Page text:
Table of Contents:

Concluding thoughts

The genre of immersive journalism is very much still emerging. Studios and news organizations have been identifying ways of working and discussing how stories are best told and the editorial guidelines that should be followed (all discussed throughout this book). It is clear that there are no set rules yet and so immersive journalism is very much in a period of experimentation. The New York Times supported Daily 360 stories for a one-year period (2017-2018), and The Guardian developed a VR lab, before resting it whilst the industry finds its place. The implication of this is that journalists from all over the world can be experimenting to find the voice of immersive journalism, without being dominated by the narrative of Silicon Valley (Kopp 2019).

As has been evidenced through movements in video and mobile journalism, opening access to technology is diversifying narratives and including more perspectives into the journalistic voice. Through specific organizations operating in the Global South, training is being offered to diverse communities to enable an authenticity to storytelling that is not being delivered through a foreign lens. This is allowing journalism to expand on the mixed narratives that have emerged from digital journalism practices. Immersive journalism now sits alongside these with calls for access to technology to enable a narrative and experimentation with story forms that breaks the digital divide. It is clear in the case studies presented that this work is being done by Contrast VR and Electric South offering examples of where there is talent emerging within this technology. It is important for this work to be continued as digital technology' breaks down barriers in making and consuming news, as indicated in Elite Truong’s Nieman Lab Report (2016): “to ensure that news reports have impact, we’ll need to connect with readers because we reflect the readers”.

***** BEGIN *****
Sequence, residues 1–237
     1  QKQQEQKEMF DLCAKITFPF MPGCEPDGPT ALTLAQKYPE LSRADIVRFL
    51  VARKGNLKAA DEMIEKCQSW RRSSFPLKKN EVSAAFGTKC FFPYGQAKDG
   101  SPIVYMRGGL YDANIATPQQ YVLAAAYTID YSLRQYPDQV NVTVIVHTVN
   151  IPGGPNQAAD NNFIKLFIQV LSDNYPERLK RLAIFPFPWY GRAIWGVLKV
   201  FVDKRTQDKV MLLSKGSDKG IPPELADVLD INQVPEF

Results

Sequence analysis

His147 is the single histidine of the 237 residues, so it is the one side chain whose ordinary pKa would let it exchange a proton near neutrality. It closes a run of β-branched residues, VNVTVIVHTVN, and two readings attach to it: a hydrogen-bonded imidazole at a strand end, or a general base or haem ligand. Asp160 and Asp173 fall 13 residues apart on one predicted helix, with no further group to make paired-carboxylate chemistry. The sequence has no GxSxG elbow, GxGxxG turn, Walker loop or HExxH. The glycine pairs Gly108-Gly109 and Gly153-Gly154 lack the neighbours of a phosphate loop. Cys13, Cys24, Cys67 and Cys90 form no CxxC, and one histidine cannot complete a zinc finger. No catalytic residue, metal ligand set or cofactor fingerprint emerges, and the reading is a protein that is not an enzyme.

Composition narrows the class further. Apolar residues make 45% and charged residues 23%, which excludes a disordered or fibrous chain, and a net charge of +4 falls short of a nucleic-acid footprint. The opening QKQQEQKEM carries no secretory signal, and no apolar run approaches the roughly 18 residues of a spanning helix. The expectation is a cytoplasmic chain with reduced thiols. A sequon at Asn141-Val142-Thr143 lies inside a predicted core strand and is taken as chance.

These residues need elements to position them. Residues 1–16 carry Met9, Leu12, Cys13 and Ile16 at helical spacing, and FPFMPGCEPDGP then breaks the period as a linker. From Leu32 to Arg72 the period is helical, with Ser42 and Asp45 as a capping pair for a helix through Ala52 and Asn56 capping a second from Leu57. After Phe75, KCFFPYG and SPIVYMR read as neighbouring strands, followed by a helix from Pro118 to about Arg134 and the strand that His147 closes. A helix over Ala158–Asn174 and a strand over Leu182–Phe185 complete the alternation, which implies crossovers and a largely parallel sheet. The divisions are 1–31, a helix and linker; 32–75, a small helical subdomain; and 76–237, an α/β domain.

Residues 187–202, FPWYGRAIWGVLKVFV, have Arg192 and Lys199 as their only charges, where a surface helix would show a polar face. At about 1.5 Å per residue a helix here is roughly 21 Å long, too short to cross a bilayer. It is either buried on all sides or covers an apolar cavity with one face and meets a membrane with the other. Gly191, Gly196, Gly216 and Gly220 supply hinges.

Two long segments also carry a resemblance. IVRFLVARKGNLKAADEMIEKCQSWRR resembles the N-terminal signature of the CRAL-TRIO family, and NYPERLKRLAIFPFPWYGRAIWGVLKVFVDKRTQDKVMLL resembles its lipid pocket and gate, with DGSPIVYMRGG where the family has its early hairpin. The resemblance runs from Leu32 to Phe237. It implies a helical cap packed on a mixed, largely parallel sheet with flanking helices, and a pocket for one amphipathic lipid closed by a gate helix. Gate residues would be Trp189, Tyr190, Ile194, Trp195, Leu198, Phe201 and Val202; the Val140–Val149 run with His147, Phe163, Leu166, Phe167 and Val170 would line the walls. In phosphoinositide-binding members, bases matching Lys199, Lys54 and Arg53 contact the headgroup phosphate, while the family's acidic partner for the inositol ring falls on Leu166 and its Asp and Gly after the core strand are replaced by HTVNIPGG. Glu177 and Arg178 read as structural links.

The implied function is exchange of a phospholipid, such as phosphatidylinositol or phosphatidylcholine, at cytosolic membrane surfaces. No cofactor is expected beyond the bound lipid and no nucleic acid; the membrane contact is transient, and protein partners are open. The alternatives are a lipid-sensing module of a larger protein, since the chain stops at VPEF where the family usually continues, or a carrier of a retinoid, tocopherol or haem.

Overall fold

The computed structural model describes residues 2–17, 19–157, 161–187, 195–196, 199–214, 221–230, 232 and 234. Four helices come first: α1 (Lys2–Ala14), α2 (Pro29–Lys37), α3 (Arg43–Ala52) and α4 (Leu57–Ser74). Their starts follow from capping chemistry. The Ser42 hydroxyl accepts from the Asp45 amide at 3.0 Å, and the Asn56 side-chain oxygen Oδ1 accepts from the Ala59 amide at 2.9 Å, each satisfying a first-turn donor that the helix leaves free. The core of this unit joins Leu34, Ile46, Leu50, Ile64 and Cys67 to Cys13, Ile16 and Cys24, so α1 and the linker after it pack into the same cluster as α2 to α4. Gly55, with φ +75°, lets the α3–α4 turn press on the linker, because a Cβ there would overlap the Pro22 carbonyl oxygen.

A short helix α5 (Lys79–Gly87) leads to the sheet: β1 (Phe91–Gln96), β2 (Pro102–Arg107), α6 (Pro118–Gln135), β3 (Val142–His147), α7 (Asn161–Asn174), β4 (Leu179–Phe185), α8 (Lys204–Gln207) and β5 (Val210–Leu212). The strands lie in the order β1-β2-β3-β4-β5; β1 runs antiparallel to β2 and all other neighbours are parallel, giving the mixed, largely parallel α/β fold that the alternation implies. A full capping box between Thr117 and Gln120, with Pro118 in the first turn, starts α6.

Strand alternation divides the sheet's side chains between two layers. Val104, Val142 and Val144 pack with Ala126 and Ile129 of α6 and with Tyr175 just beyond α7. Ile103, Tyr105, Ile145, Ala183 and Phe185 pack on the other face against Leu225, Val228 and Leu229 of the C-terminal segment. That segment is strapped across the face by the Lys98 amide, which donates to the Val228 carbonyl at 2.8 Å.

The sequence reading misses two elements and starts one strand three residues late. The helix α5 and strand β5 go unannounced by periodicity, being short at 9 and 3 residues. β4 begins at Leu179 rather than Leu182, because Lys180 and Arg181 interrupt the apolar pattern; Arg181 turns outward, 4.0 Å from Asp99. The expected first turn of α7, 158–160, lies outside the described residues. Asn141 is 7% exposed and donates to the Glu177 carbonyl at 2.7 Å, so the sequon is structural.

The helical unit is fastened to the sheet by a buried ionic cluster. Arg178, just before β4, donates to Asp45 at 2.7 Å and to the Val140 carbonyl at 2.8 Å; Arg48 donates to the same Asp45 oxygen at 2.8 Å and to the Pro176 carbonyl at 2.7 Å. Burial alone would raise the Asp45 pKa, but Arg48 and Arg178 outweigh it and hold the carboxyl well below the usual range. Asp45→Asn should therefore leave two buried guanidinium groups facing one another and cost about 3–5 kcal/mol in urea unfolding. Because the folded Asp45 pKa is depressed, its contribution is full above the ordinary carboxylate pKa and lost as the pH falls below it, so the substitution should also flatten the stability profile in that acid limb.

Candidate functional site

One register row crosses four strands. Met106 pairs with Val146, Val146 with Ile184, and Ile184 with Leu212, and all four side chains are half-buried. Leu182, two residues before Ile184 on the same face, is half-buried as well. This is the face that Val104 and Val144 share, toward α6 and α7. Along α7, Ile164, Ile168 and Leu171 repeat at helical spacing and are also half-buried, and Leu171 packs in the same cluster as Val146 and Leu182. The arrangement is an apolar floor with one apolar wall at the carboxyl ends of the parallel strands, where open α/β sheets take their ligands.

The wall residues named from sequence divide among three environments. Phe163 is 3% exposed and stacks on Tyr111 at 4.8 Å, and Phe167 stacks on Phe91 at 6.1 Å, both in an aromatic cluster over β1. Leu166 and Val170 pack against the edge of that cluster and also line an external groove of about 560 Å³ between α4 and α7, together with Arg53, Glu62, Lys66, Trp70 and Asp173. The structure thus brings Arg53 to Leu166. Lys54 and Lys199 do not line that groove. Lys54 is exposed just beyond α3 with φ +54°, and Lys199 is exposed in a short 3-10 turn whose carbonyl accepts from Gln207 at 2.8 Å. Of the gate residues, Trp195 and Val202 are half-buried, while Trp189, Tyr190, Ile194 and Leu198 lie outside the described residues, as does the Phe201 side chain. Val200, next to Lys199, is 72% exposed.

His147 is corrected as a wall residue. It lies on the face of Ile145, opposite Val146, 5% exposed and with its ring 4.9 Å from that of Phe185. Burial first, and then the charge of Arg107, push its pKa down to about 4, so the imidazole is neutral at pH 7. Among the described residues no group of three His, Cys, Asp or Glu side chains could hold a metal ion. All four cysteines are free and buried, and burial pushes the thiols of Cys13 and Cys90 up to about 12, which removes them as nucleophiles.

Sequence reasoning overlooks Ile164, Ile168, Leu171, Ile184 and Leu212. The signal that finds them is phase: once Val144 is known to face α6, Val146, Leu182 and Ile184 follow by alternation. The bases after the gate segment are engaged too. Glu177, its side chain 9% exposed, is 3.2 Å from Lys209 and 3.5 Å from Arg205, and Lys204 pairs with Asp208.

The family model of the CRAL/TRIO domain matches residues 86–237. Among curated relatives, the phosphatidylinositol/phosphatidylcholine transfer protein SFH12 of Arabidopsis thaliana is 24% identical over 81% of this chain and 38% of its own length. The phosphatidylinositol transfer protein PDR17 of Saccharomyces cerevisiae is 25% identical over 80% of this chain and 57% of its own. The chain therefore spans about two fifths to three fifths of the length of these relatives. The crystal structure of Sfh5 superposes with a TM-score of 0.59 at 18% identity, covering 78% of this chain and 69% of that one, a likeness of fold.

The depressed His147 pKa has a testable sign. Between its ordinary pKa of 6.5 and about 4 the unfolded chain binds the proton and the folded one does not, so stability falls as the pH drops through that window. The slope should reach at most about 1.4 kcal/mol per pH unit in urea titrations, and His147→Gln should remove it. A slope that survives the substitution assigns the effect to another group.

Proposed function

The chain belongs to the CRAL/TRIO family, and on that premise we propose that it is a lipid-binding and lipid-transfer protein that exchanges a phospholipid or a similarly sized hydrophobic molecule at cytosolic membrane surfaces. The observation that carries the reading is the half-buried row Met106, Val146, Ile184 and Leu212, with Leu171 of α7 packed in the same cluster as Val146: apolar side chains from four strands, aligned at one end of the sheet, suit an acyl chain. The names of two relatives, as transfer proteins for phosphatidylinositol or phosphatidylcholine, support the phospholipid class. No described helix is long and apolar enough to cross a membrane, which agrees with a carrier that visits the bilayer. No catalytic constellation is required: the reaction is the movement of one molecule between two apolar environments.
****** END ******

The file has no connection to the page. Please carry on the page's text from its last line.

Immersive journalism is not just about taking audiences to places that they haven’t been or to afford them the opportunity to “walk in someone else’s shoes”. It is about opening up technological barriers so there is diversity and inclusivity in the voices telling sto for a true immersive experience.


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